Statement about how your research is connected to your teaching
List of courses you have planned and would like to teach in the future (a "Courses in Development) page

Your portfolio certainly DOES NOT have to have all of these. In fact, the only item on this list that is de rigueur is the teaching philosophy statement.

The Teaching Philosophy Statement

When I read a teaching philosophy statement, I want to get answers to these two questions:

1.What specific skill, more than any other, do you want students to get out of your class? For writing classes, what kind of writing do you think it's most important for students to know how to do? For literature courses, what kind of reading or literary analysis do you want them to be able to do by semester's end? Of course we want students to enjoy writing and to appreciate literature. For a teaching philosophy statement, though, saying that is a little too easy and obvious. I'm interested in seeing something more thoughtful and specific.

2.How do you teach the skill or content you most want students to learn? This part needs to be a detailed description of an assignment you give students or a classroom activity you do with students. If it works best to use an anecdote about a particular student to illustrate your philosophy in practice, give the anecdote with the student's identifiers changed.

I know I said two questions, but if your primary research area is rhetoric and composition, I expect to see an answer to one more question: with what rhetorical or pedagogical theorists do you align your teaching practice? In other words, situate your teaching in the field of rhetoric and composition studies.

Alignment and Consistency

I want to see a certain coherence throughout the portfolio. Let's say you have a portfolio containing the following:

Assignment handout for an annotated bibliography
Assignment handout for a rhetorical analysis paper
Two sample student papers, both personal narratives that got grades of A

It would be more coherent to provide an assignment handout followed immediately by a student's response to that same assignment. Then, if you include two papers, include two papers that got different grades, to be sure the reader sees that you recognize a range of achievement, and to see how you comment on stronger and weaker papers. It doesn't have to be a pair of opposites (A paper, F paper); A paper/B paper or B paper/C paper pairings are fine.

Also related to alignment and consistency: be mindful of contradictions between what you say in your teaching philosophy statement and/or assignment handouts and what you say to students in your comments on their work (or in class, if you provide a DVD of a class meeting). Let's say that in your teaching philosophy statement, you say that what you most want students to learn is the importance of writing for an audience: being aware of the audience's diversity in both their backgrounds and their opinions about the subject of the paper. If you don't say anything about audience in your assignment handouts, and if your comments on student work are along the lines of “no first person,” “no contractions,” “incorrect MLA format,” you lack that alignment and consistency. If audience is your priority, I'd expect to see some remarks about audience in your assignment handouts and comments on papers such as: “you may alienate your audience due to the use of the term ____ here” or “you need to address opposing views X, Y, and Z because not everyone in your audience agrees with your position on this issue,” and so on.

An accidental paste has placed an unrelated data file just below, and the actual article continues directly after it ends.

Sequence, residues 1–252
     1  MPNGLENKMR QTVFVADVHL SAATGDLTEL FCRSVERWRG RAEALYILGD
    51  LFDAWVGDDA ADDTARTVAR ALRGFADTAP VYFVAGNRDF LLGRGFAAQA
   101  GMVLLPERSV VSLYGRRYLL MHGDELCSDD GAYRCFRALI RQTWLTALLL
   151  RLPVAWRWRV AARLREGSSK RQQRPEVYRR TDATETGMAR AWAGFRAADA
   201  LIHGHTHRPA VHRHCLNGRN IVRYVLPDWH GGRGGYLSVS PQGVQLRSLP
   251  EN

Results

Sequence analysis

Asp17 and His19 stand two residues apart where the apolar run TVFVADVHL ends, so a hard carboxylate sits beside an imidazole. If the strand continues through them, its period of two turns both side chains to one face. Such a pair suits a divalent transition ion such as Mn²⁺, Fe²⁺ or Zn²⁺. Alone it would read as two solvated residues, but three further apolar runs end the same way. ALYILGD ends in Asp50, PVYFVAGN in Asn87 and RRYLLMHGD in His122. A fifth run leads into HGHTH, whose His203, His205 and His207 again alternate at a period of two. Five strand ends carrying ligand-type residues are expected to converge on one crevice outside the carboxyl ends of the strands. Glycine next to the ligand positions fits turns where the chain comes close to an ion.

A side note regarding comments on papers: again, this is just my opinion, like everything else here, but when I look at sample student work with teacher comments, what I do first is look ONLY at the comments without reading the student's writing. If I can't tell from the teacher's comments what the subject matter of the paper is, I find the comments to be insufficient. I do this in my own teaching too before I return a set of papers. If I see that I haven't made comments on, asked questions about, or otherwise engaged the subject of the paper in some way, I write more comments.

Other Advice

Keep the portfolio brief. Don't load it up with years' worth of teaching evaluations, multiple student papers, syllabi and assignment sheets for every class you've ever taught. Be very selective when it comes to deciding what to include. The portfolio should represent the best of your teaching. That said, if you include a set of comments from your student evaluations, don't cherry-pick them. Include comments from all the students in the class who wrote them, even if some of the comments are critical.